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Evaluating Existing Assets for Reuse

Solution architects frequently have to analyze existing internal and external assets for reuse. While reuse can reduce delivery time, improve stability, and reduce delivery cost these benefits  should be not assumed to be automatic. Architects should take great care in determining what they are attempting achieve when suggesting reuse of any asset (patterns, open source, internal, SAAS, or COTS).  Key considerations in reuse decisions should include:

  • Where and how will assets be reused in the solution
  • The expected benefits of asset reuse e.g. functionality, quality, schedule impact or effort savings
  • Possible constraints for asset reuse
  • Cost and budget for the reuse of the asset

The diagram below illustrates the some of the decision making categories should be considered when determining if an asset is suitable for reuse. The key thing to note is that it is not sufficent to simply evaluate functional requirements and determine if a component is reusable. For example, an asset developed for a batch processing application may be fundamentally unsuitable for a real time application since the two solutions have very different architectural characteristics even if the functional requirements are the same.

Analyzing Existing Assets

While this process does not have to be formal a result in excessive documentation, I recommend that you always take the effort to perform it and capture it somehow. In Agile organizations we’ve done this one white boards and taken a snap shot so that six months later the rationale for the solution can be easily recalled or communicated to new team members that might not have been involved in the decision making process.

Evaluating Assets for Reuse  Use Case

The process below can be used as a guide for solution architects to evaluate assets for reuse. This should not be considered a perspective process, but rather a useful process flow that you can follow for ensuring that consistently holistically consider what you are reusing rather than making emotive or decisions based on biased information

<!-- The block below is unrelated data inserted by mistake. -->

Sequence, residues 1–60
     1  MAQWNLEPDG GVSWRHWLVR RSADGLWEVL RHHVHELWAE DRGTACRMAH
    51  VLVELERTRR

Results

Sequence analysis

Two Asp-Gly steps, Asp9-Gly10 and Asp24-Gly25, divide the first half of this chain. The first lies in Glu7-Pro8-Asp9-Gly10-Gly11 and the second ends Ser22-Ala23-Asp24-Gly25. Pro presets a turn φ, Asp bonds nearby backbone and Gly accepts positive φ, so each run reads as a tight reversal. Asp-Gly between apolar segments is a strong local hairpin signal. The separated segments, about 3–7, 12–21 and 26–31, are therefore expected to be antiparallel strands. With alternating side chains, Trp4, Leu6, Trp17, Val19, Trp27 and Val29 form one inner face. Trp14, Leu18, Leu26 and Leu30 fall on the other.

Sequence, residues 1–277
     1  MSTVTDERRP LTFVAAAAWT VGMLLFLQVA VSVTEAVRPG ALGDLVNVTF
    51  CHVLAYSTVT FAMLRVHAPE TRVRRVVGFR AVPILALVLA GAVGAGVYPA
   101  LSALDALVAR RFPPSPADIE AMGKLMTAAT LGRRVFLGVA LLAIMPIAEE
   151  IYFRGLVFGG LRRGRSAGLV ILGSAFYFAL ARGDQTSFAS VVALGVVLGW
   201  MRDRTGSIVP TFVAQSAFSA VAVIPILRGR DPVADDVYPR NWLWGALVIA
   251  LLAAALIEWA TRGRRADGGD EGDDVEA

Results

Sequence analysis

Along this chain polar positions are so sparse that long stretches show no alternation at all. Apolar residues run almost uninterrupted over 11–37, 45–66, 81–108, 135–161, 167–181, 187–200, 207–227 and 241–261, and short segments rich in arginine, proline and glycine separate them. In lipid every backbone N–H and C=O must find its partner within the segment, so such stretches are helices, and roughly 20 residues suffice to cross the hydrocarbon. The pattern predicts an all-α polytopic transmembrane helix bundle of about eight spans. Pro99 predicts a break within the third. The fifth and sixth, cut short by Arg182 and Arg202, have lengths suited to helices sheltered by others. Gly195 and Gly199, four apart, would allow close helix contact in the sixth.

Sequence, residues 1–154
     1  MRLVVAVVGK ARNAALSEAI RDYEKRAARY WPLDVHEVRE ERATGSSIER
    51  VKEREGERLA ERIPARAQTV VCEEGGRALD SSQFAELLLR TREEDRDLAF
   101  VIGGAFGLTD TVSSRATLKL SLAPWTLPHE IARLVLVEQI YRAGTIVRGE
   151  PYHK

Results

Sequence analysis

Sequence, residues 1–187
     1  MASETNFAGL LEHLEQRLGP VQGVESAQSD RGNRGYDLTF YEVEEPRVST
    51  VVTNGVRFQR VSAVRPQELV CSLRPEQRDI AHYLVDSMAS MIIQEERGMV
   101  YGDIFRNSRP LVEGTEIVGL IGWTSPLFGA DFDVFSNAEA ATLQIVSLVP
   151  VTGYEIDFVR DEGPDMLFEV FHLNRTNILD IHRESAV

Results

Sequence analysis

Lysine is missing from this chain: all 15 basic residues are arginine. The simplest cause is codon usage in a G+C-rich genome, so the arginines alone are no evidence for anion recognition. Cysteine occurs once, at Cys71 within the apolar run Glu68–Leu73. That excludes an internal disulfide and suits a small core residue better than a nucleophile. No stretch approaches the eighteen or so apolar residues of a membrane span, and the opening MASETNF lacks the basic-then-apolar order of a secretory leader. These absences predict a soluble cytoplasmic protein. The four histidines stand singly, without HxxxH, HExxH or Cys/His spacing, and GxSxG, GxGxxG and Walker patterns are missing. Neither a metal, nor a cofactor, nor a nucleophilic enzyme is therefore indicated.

1. Review needs and risk for the current the solution.
  2. Define where and how in the solution, based on the proposed candidate architecture, there is an opportunity for reuse.
  3. Define the expected benefit of reuse. (e.g schedule, quality improvement, and/or reduced delivery effort.)
  4. Define testable/measurable reuse criteria.

4.1.   Define functional requirement criteria for reuse. The functional criteria identify the general features that the asset  provides for reuse. This list should be driven by the identified needs and risks for the solution.

4.2.   Define quality/non-functional requirements characteristic criteria for reuse.(e.g. defect rate, compliance to standards, availability of support resource or documentation)

4.3.   Define project and strategic criteria for reuse. These criteria must capture any long and short term effects of reusing the asset beyond the product release. (e.g. cost, effort saved, vendor/open source community stability)

4.4.   Define the architecture compatibility criteria for reuse. (e.g. service orientation, support for native .Net extensions)

  1. Identify candidate assets for reuse. Common sources of reusable assets are:

5.1.   PMO portfolio management portfolio. This may be an informal spreadsheet or something more formal like Clarity in your organization

5.2.   Review common assets in source control or dependency management systems (e.g. Ivy)

5.3.   Research open source, SAAS, and commercial products

  1. Analyze candidates against identified criteria. Leverage existing documentation and performance tests where available and considered reliable sources of information.